Quickly, a manufactured home is your typical manufactured home with the HUD tags on a metal frame that you see on the lots. A modular home is generally constructed off-site and assembled on site. It may not have a HUD tag but has to conform with state and federal regs. Bottom line, if it had a tongue and wheels on a metal chassis (still attached), its a manufactured home.
See my article posted at http://www.naifa.com
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Scroll down to "what is that and now what do I do"
At the end are all sorts of links to Fannie Mae, HUD, VA, etc. Also check out the new Fannie Mae Guidelines that was issued last week.
A manufactured home is constructed to HUD building code and hopefully will have the tags attached to the exterior and a data plate inside somewhere. Occasionally all those get removed. So then you have to do research with owner for any documents the might have or with the local building department or assessment office to see if they have anything. Once you run down some information and still don't have the HUD label number (which every one wants to know about to verify it is a manufactured home), the serial number from ownership or assessment records can be cross referenced with the manufacturer or with HUD in WA. For FHA financing that is the lender's responsibility, (should be for conventional too) once they can verify that the home was constructed to HUD code it is still eligible for FHA financing.
A modular home is constructed completely or almost completely in a factory to a site built code like UBC, BOAC, CABO, etc. Then the sections are assemblec on site. Depending on the laws of the subject's location, it may or may not have a readily observable identification tag or label of any kind.
A panelized home or kit home or pre cut home would have all the materials to construct the home pre-cut, itemized etc with some assemblage in the factory and the majority if not all assemblage on the site. Those are not modular homes.
Both the modular and the "kit" style homes are considered comparable to site built by FHA, VA, Fannie Mae and would only require the verification to a site built code that you would typically use for a true stick by stick, cut, glued, pasted, nailed, home assembled on site.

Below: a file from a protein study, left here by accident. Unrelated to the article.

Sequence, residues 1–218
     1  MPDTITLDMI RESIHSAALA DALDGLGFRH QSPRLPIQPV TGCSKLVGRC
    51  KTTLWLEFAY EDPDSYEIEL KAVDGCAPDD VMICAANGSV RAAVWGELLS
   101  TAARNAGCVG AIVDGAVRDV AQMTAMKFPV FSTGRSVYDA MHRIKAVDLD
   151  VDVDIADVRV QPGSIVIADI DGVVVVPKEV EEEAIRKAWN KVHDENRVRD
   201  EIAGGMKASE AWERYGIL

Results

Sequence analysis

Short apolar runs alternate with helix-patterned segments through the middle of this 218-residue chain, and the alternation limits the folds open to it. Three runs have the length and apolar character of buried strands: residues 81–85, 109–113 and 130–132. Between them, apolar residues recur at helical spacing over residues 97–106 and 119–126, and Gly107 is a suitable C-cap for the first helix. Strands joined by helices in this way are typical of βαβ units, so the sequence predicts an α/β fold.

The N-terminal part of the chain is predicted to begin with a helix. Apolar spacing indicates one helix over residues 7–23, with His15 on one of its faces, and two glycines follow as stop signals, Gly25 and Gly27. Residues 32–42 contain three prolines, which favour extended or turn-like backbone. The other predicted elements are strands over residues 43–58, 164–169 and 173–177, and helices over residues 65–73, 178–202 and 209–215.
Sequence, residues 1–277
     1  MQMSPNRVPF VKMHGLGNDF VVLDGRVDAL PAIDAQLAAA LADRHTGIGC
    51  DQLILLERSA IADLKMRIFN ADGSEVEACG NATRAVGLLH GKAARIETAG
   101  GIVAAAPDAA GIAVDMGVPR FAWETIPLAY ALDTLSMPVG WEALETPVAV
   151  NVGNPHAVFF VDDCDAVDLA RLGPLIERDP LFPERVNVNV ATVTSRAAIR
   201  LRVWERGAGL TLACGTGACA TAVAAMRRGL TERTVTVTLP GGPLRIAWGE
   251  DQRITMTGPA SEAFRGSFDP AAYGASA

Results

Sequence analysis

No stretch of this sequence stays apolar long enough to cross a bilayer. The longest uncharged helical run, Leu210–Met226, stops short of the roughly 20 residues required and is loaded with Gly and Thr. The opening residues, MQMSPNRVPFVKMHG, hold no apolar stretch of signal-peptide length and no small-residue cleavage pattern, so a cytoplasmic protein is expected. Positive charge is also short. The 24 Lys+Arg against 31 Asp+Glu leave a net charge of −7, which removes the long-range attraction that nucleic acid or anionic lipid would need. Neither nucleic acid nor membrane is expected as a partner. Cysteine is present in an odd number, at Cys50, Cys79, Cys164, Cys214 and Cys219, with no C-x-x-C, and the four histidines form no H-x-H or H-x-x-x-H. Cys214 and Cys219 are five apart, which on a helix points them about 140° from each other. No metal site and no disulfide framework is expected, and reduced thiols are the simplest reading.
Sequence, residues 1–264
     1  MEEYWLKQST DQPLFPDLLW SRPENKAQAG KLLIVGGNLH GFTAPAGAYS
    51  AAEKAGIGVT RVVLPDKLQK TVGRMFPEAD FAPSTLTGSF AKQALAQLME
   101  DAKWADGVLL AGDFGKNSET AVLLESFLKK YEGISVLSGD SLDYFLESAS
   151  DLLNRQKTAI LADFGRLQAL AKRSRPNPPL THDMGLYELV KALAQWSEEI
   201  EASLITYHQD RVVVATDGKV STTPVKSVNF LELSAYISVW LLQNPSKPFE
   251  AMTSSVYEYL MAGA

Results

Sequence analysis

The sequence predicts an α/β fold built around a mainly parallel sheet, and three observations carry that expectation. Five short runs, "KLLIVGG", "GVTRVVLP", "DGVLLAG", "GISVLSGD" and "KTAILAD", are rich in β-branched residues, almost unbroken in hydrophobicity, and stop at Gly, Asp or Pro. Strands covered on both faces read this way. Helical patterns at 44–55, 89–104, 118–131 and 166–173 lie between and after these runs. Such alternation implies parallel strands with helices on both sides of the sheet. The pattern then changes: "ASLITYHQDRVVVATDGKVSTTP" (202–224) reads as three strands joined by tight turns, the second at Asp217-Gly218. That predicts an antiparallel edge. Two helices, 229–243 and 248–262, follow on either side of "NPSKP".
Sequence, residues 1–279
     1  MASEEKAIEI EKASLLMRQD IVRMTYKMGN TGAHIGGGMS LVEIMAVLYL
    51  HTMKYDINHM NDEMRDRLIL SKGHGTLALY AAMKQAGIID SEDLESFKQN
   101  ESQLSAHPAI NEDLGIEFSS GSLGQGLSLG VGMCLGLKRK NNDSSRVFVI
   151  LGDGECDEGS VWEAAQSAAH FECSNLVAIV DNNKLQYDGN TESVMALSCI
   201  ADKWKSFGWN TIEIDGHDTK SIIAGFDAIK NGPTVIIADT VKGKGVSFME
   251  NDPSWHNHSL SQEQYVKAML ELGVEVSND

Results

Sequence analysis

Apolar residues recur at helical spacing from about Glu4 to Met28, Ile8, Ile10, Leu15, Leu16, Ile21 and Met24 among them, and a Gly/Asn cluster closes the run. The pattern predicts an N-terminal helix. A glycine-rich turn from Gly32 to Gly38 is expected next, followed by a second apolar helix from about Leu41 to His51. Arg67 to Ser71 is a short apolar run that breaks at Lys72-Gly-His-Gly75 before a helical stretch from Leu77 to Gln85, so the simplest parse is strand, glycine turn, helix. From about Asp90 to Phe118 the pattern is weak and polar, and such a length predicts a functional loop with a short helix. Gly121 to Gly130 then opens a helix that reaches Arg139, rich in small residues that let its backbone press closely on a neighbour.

Also the State Appraisal Boards for Alabama, North Carolina, South Carolina, Georgia and Texas have some excellent articles.
The Manufactured Housing Institute (link is at the end of my article) has lot of very usefull information. Wander around that web site.
But many, many, many times you CANNOT identify what type of building code was followed at original construction as manufactured homes, modular homes, kit type homes, site built homes all look alike some times and are constructed of the same materials with the same amenities, finish, etc. So research is essential!!!!!!!!!!!!!!!!!!!
Oh yes, tongue, wheels, axles still attached or detached are not a definitive identification! It all depends on whether the home (regardless of original building code) was towed to the site or hauled to the site. If towed to the site, all financing programs require them to be removed.
I hope you have this response saved somewhere and you just cut and paste it every time we get this question. I don't even bother to respond, because I know you will be more concise and detailed. Plus, I get cynical to the point of saying "if you don't know, then by USPAP, are you competent enough to do this appraisal?" You are so much nicer and a lot better at 'splaining things. You get my nomination for appraiser's forum guru.
Everyone has given you good advice on manufactured and modular homes.
I don't do manufactured homes, I leave those trailer thingees all to JoAnn :lol: :lol: but I will give you some clues on how to identify/determine a modular.
First, as you cruise through the home notice the following items: the thickness of the center partitions between rooms. Modulars are typically much thicker in the center as they are bolted together. Stick framed homes are typically 4"-5". Next, go into the basement or crawl space and look at the main girder. On a modular, the floor joists are usually set into joist hangers. They will be at an equal level with the main girder-AKA-the wood that is sitting on the lally columns or masonry piers. On stick built homes, the floor joists will be above/sitting on top of the main girder.
Thank you everyone for all your kind comments. I do hope I don't offer confusing and or conflicting information since I do write off the cuff. So if something is the opposite or different than what I said before--let me know! When I speak out loud I form sentences backwards and use the opposite word (as well as mispronounce most of them) from the one I intended, so I try very hard not to let that happen when I am writing. So if I ever met one of you face to fact on a bright sunshiny morning, my out loud greeting is likely to be "Isn't it dark tonight-Good Evening". And never, never use the words mobile unless it was built prior to June 15, 1976 or trailer, or I have a heart attack. I do appreciate your comments though!!!